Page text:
Some of it was the same rubbish we get here, just given the exotic patina of being dubbed into Swiss German or the like. Anyone for ‘Sabrina the Teenage Witch’ in French, or ‘Walker Texas Ranger’ in German, or my own favourite, ‘Robot Wars’ in Italian. Not a franchised Italian version of the show, mind, just the English programme with frantic Italian commentary: ‘Adesso, Iron Awe da Wolverhampton!’

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Posted in • Square EyesTelevision
Monday, August 27, 2001

Order and Chaos - the logic of tv dramas

TV drama shows have to move comfortably in two different scales. Firstly, the small circles of the hour, with the plot coming to a reasonably conclusive end after each episode, giving the audience a satisfactory feeling of closure. Secondly, they also have to play the long game, with events building up episode by episode so the major characters develop over time.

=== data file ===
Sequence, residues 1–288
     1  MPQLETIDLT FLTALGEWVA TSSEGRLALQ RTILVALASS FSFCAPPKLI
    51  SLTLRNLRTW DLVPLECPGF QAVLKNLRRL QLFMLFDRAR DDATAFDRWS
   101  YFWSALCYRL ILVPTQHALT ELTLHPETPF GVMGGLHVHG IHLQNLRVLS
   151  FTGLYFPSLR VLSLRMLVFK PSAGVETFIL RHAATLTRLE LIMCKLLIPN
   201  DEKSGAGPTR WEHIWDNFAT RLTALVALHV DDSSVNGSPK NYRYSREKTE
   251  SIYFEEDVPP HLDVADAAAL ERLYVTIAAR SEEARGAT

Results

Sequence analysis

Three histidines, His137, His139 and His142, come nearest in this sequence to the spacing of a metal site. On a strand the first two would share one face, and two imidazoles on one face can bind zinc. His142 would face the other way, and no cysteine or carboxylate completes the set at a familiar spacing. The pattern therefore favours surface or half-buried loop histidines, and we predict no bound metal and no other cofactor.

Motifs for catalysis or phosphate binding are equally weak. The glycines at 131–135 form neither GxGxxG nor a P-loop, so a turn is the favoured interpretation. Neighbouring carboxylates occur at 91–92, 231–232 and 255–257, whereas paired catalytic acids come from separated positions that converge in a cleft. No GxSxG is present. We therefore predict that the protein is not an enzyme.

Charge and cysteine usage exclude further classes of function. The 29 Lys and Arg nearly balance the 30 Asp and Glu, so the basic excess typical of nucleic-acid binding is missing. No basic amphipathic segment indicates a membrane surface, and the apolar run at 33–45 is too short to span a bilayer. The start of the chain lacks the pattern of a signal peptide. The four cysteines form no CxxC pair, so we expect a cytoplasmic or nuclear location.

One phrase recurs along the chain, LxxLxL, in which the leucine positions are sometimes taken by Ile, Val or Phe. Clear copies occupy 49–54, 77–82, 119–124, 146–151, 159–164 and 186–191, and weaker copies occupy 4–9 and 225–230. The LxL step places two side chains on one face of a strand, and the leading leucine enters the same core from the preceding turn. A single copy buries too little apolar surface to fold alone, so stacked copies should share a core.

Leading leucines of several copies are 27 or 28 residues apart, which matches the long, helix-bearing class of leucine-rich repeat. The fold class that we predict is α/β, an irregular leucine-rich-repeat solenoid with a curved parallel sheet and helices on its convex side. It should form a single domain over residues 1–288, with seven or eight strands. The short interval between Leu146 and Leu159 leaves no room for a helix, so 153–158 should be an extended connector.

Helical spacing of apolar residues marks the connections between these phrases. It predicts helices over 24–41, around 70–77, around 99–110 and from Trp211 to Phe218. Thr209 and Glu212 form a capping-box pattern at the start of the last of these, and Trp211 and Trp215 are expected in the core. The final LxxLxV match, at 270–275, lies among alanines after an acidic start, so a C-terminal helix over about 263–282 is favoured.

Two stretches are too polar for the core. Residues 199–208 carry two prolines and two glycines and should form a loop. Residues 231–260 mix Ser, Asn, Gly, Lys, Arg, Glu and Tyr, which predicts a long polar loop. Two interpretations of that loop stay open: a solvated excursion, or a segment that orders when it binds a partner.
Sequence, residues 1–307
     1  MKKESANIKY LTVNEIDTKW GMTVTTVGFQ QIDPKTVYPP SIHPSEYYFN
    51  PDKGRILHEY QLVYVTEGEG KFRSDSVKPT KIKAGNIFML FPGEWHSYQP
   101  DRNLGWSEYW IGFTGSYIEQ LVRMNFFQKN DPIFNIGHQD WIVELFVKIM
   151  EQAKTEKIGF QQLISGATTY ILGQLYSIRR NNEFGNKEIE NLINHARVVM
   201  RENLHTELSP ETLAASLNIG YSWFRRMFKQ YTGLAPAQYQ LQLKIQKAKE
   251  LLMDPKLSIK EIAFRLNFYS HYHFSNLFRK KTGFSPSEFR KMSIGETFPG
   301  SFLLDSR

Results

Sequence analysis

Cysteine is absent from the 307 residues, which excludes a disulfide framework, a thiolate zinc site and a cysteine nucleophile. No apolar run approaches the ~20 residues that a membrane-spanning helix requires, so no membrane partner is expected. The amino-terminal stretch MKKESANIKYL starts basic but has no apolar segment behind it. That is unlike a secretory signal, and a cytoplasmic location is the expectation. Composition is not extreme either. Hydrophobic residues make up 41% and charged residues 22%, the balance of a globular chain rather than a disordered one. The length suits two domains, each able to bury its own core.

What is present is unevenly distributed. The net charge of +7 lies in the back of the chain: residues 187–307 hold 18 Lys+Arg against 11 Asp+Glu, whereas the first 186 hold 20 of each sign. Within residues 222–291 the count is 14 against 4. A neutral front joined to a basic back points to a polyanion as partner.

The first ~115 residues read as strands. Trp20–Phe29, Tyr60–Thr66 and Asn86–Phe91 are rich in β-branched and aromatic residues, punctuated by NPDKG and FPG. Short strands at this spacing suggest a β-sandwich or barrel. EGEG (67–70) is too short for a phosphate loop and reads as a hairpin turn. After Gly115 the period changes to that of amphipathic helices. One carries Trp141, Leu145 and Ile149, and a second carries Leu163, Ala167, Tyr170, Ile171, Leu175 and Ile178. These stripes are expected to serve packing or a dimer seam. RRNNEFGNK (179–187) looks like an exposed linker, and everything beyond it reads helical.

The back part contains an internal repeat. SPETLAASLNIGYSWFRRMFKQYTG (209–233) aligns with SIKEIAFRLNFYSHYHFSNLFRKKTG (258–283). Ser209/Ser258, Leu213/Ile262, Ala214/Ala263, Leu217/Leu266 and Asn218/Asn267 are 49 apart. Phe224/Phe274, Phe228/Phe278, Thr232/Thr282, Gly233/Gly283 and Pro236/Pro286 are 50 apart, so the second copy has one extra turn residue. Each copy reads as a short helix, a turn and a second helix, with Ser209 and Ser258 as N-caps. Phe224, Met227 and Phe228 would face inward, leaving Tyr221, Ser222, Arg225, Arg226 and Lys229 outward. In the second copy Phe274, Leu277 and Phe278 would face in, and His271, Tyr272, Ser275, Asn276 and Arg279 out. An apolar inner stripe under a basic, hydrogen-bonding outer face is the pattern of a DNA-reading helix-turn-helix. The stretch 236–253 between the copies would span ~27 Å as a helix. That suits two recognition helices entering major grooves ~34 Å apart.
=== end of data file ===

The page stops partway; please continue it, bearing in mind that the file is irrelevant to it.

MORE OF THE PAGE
This is why medical dramas work so well. You can bring in new characters as patients every week to power the plot for that particular episode. At the same time, the fortunes of the staff fill out the longer-term plot needs. Interlacing the two makes the whole experience much more rewarding.

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Posted in • Square EyesTelevision
Monday, July 23, 2001

Conoisseur of Crap - what’s good about bad television?

Why do I like watching people falling over on television? Probably for the same reason I like to see clips of 1970s soup commercials featuring minor celebrities when they were ten years old.